If you’ve decided to come to China to teach English, get ready for a fascinating adventure. An ESL teaching position is a great way to immerse yourself with locals and meet others like you. It’s not difficult to survive in China but with that said, here are a few tips that might be handy.
Remember, when you are coming to teach English abroad, you are in a new country, which can sometimes feel like living on a different planet. This is not to say that it will be scary and that you need to reinvent yourself. On the contrary, both students and everyday strangers enjoy interacting with foreigners, or as the Chinese will call you, laowai (“lau-why”). Be yourself and let your personality come through. Don’t be afraid to ask questions – people here are approachable, both locals and seasoned foreigners.
Download a few apps before moving overseas to make life easier:
- Pleco: a translator, which doesn’t require the internet to work and also pronounces words for you
- WeChat: your gateway to social media and communication in China
- Chinese Skill: an interactive way to start learning Chinese
- QQ Music: Chinese Music platform where you can download music on the App and no internet connection is needed after to listen.
- Look for an app that has the map of the city where you will be living that you can access offline
Living in China is not the most difficult thing you will encounter, but it can take some getting used to. Social norms here vary from western countries and some things that are normal for locals might seem odd to you. One good example is the street food culture – vendors grill food on vintage charcoal pits and customers pull up a stool on the sidewalk to enjoy their food. It’s a great way to experience life as the locals do. On the flip side, queuing or waiting in line is not seen as something polite to do, so it does not happen frequently, which can be frustrating in places like metro stations or convenience stores.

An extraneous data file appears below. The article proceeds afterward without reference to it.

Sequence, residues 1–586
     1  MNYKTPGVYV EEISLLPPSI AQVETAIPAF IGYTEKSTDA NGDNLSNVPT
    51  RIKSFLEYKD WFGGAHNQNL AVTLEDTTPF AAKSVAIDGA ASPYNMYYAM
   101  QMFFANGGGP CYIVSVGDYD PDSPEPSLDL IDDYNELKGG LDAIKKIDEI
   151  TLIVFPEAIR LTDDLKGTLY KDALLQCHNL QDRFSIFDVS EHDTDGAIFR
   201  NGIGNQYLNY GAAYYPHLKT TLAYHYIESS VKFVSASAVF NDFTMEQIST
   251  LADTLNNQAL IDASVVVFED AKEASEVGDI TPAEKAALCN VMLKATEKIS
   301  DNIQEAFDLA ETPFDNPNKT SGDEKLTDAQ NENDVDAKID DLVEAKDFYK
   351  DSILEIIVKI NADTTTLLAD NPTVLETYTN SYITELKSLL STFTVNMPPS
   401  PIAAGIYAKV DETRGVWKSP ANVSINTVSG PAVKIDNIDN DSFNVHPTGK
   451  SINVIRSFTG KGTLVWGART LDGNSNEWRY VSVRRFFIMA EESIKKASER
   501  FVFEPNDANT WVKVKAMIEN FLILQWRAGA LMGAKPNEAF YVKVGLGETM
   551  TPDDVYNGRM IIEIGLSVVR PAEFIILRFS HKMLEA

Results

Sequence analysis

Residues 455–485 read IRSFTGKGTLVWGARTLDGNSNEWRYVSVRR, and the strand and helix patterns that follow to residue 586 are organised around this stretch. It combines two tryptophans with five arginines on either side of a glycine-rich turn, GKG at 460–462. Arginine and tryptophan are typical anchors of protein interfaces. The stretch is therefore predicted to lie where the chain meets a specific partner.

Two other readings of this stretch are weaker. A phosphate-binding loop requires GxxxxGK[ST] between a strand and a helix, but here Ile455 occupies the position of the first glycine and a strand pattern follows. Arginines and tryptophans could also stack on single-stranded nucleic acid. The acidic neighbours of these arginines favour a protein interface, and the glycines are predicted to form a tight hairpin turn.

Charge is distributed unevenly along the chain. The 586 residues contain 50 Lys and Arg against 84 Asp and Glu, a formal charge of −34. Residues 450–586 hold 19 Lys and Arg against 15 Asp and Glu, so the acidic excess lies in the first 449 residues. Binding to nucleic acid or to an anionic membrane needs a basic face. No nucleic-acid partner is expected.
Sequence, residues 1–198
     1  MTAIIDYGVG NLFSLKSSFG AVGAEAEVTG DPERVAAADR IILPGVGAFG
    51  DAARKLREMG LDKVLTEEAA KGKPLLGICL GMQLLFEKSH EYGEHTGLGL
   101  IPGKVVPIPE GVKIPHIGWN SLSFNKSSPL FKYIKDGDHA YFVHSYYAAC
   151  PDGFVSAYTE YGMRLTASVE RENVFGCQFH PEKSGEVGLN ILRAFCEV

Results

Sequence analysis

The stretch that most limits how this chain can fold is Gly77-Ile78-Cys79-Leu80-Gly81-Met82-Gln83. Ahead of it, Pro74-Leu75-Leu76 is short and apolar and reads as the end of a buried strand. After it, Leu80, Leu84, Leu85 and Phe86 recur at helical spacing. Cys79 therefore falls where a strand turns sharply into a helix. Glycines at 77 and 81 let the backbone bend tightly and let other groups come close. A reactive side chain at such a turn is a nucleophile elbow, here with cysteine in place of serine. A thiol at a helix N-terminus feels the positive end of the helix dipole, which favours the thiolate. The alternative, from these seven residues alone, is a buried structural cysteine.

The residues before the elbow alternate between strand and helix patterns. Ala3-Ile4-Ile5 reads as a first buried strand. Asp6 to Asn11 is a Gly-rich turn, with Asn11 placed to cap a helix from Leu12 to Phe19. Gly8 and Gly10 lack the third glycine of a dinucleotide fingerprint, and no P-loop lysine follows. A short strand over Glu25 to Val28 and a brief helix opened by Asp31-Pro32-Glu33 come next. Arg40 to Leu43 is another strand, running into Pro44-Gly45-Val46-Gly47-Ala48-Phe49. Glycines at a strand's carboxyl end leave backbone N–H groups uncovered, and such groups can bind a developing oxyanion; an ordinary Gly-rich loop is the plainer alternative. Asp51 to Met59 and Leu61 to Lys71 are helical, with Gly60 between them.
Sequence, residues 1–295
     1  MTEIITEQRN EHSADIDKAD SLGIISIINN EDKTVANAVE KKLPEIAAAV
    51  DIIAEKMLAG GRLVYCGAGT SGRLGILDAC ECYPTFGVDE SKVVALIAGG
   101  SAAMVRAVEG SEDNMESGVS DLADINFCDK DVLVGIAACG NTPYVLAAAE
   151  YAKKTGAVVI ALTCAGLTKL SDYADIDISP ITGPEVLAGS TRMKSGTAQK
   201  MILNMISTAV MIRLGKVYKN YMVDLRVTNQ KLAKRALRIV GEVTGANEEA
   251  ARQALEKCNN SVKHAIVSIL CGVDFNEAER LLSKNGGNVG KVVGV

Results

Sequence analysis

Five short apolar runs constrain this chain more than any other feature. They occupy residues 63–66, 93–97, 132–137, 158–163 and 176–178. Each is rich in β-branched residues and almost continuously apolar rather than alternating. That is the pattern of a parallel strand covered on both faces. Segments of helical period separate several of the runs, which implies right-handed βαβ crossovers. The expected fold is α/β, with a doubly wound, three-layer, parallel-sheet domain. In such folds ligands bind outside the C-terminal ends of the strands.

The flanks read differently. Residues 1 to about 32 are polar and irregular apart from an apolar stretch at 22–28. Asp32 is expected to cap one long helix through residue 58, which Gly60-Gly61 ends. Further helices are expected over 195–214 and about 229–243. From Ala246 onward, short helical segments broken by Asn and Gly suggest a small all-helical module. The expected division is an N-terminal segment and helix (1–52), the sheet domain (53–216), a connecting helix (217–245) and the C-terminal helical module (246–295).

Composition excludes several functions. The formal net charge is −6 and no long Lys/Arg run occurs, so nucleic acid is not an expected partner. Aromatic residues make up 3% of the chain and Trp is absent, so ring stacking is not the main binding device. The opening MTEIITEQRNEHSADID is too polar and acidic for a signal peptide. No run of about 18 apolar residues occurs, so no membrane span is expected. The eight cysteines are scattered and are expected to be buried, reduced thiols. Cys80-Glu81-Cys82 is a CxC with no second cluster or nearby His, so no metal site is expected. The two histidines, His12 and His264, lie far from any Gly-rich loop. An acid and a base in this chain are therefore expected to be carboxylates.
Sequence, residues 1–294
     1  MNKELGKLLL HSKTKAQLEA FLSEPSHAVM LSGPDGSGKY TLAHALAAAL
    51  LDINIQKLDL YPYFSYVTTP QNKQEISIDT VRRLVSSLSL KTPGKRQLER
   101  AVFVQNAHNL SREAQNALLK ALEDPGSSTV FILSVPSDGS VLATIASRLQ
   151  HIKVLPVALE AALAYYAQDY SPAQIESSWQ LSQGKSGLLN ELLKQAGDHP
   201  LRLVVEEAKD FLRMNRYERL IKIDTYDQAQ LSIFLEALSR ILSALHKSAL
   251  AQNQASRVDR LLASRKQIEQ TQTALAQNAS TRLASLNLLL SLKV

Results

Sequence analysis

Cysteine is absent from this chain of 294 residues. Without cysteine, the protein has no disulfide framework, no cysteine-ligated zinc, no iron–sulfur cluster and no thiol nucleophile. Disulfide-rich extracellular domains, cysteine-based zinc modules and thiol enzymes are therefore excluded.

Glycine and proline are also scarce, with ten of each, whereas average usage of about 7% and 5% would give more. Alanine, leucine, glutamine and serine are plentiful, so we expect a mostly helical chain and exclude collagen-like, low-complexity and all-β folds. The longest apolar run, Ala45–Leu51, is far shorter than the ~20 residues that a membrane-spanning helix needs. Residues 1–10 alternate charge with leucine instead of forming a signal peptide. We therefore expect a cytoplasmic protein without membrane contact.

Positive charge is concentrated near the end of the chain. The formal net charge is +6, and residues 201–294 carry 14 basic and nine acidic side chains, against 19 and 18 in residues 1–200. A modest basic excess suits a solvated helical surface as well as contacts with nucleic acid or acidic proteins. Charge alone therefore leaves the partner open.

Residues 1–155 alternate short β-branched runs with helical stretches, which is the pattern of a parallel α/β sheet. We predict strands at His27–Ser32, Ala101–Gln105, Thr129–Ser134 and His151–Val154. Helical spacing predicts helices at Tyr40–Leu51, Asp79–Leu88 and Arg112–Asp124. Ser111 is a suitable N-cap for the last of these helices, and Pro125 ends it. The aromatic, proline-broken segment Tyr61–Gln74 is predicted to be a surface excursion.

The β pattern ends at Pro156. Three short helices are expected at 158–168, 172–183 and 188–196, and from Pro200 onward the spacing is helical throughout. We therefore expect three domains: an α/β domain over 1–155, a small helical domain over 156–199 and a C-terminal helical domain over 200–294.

Living abroad can sometimes be exciting, especially if this is your first time on your own. This is where a good budget plan comes handy. Depending on where you are coming from and your old job, pay dates are not as regular here in China as other parts of the world (one paycheck at the end of the month at EF English First). Try to set yourself a weekly budget and leave some for savings or in case a big expense comes unexpectedly. Taxis are great but can add up, learn the metro or bus system where you will be living. If you go out to eat, share dishes with friends, which is how Chinese locals eat anyway. If you feel homesick and you’re missing some food from back home, check out specials and deals before you go and you spend an unnecessary amount just because you miss a burger or pizza.
If you don’t know what this is by now then you haven’t done your homework before coming to China. It is true that China has been opening their metaphorical doors to the world and yes people here have indeed embraced many foreign customs, but China still keeps its internet availability pretty tight. A VPN or “virtual private network” helps you connect to a server back home or anywhere in the world. This allows you stay in touch with your favourite websites (Facebook and Google being the two biggest sites not available). Don’t worry about chatting up family and friends – Skype and WeChat are both accessible without a VPN.
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